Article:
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Hydrogen Could Provide Path to High-Efficiency OLEDs

FUKUOKA, Japan, July 12, 2017 — A molecule that changes its chemical structure slightly before and after emission could provide a novel, stable approach to achieving high efficiency in OLEDs.

The mechanism explored by the researchers involves the reversible transfer of a hydrogen atom — i.e., the transfer of its positive nucleus — from one atom in the emitting molecule to another in the same molecule, to create an environment conducive to thermally activated delayed fluorescence (TADF).

Current molecular designs of TADF materials focus on combining donor and acceptor units. Researchers from Kyushu University’s Center for Organic Photonics and Electronics Research (OPERA) have presented a system based on the use of excited-state intramolecular proton transfer (ESIPT) to achieve efficient TADF without relying on the donor-acceptor scheme.

ESIPT was found to occur spontaneously when the emitting molecule was excited with optical or electrical energy. Quantum chemical calculations made by the researchers indicated that TADF was not possible before transfer of the hydrogen.

After the hydrogen transferred to a different atom in the molecule, this led to a molecular structure capable of TADF. The hydrogen transferred back to its initial atom after the molecule emitted light. The molecule was then ready to repeat the process.

ESIPT led to separation of the highest occupied and lowest unoccupied molecular orbitals, resulting in TADF emission with a photoluminescence quantum yield of nearly 60 percent. High external electroluminescence quantum efficiencies of up to 14 percent in OLEDs using this emitter indicate that efficient triplet harvesting is possible with ESIPT-based TADF materials.

Hydrogen used for high efficiency OLEDs, Kyushu, OPERA.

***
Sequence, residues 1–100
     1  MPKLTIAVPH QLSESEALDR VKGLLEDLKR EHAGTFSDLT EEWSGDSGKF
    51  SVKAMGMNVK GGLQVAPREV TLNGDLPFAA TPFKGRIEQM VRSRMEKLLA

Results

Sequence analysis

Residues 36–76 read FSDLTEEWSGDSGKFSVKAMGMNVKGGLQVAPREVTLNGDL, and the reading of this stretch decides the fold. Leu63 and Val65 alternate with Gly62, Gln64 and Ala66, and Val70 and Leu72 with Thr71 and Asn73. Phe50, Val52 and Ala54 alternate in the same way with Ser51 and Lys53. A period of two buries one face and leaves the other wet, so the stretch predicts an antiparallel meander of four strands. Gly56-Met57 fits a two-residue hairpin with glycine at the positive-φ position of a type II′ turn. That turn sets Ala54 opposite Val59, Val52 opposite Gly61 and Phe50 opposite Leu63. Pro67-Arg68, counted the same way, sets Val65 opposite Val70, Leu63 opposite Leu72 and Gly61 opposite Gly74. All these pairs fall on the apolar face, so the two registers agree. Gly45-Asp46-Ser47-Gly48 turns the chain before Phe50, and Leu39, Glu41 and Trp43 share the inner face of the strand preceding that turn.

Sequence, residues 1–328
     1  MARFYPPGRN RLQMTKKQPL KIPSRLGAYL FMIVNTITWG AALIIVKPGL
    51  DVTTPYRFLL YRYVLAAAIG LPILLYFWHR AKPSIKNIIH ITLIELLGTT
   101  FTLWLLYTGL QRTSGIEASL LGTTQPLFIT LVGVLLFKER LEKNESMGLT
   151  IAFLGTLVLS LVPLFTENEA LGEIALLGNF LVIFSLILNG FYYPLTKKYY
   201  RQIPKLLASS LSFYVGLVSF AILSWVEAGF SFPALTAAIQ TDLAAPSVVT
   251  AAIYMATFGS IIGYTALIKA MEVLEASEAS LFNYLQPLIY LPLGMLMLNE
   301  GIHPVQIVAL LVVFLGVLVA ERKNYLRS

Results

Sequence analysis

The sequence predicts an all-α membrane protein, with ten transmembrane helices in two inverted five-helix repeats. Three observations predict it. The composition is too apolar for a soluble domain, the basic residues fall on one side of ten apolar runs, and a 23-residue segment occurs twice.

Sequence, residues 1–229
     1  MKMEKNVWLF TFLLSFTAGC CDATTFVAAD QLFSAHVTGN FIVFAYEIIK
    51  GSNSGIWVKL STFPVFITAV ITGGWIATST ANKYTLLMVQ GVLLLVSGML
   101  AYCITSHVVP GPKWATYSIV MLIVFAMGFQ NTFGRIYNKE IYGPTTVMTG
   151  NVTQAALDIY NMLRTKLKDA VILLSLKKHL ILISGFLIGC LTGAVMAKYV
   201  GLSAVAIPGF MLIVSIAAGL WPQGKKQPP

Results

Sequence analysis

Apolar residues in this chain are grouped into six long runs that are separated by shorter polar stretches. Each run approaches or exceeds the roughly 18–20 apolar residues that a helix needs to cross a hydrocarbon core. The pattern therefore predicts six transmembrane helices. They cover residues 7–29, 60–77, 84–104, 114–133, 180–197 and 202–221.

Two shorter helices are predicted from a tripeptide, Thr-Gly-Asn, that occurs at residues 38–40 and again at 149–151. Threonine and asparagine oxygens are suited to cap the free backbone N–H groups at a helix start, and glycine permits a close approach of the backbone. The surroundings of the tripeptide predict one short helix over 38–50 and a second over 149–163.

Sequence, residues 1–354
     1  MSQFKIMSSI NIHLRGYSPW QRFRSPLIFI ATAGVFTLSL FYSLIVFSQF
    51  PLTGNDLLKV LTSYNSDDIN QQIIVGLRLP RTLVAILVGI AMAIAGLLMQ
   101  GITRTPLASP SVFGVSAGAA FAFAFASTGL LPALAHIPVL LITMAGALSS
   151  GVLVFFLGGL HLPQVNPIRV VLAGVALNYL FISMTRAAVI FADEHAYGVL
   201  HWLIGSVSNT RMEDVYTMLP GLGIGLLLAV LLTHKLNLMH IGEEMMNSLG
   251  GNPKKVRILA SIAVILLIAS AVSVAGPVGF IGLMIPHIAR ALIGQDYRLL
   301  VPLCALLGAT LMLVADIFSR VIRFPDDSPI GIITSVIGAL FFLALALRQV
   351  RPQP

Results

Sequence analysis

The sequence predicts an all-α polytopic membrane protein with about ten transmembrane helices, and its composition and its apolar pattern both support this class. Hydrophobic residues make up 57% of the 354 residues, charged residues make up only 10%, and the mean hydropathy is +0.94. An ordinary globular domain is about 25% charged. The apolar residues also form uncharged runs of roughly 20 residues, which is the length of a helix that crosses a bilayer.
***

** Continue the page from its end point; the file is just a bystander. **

Excited-state intramolecular proton transfer (ESIPT) makes possible OLEDs that are highly efficient by creating the necessary conditions to enable thermally activated delayed fluorescence (TADF). After excitation of the emitting molecule, a hydrogen atom — technically, just its nucleus — is transferred to a different atom in the same molecule through a process called ESIPT. The reconfigured molecule can then undergo TADF to convert a high fraction of the excitations into light. Following emission, the molecule returns to its original state. This mechanism increases the molecular design strategies available for the creation of novel and improved light-emitting materials. Courtesy of William J. Potscavage Jr.

Although TADF from an ESIPT molecule has been reported previously, according to the researchers this is the first demonstration of highly efficient TADF observed inside and outside of a device.

“Many new TADF molecules are being reported each month, but we keep seeing the same underlying design with electron-donating groups connected to electron-accepting groups,” said researcher Masashi Mamada.

“Finding fundamentally different molecular designs that also exhibit efficient TADF is a key to unlocking new properties, and in this case, we found one by looking at the past with a new perspective.”

The molecule used in the research was originally synthesized for use in the creation of a light-absorbing pigment.

"Organic molecules never cease to amaze me," said professor Chihaya Adachi. “Many paths with different advantages and disadvantages exist for achieving the same goal, and we have still only scratched the surface of what is possible.”

The work could expand and accelerate the development of a wide variety of TADF materials for high performance OLEDs.

The advantages of the design strategy are just beginning to be explored, but one particularly promising area is related to stability. Molecules similar to the one investigated are known to be highly resistant to degradation, so researchers hope that these kinds of molecules might help to improve the lifetime of OLEDs. To see if this is the case, tests are now underway.

The research was published in ACS Central Science (doi: 10.1021/acscentsci.7b00183).  
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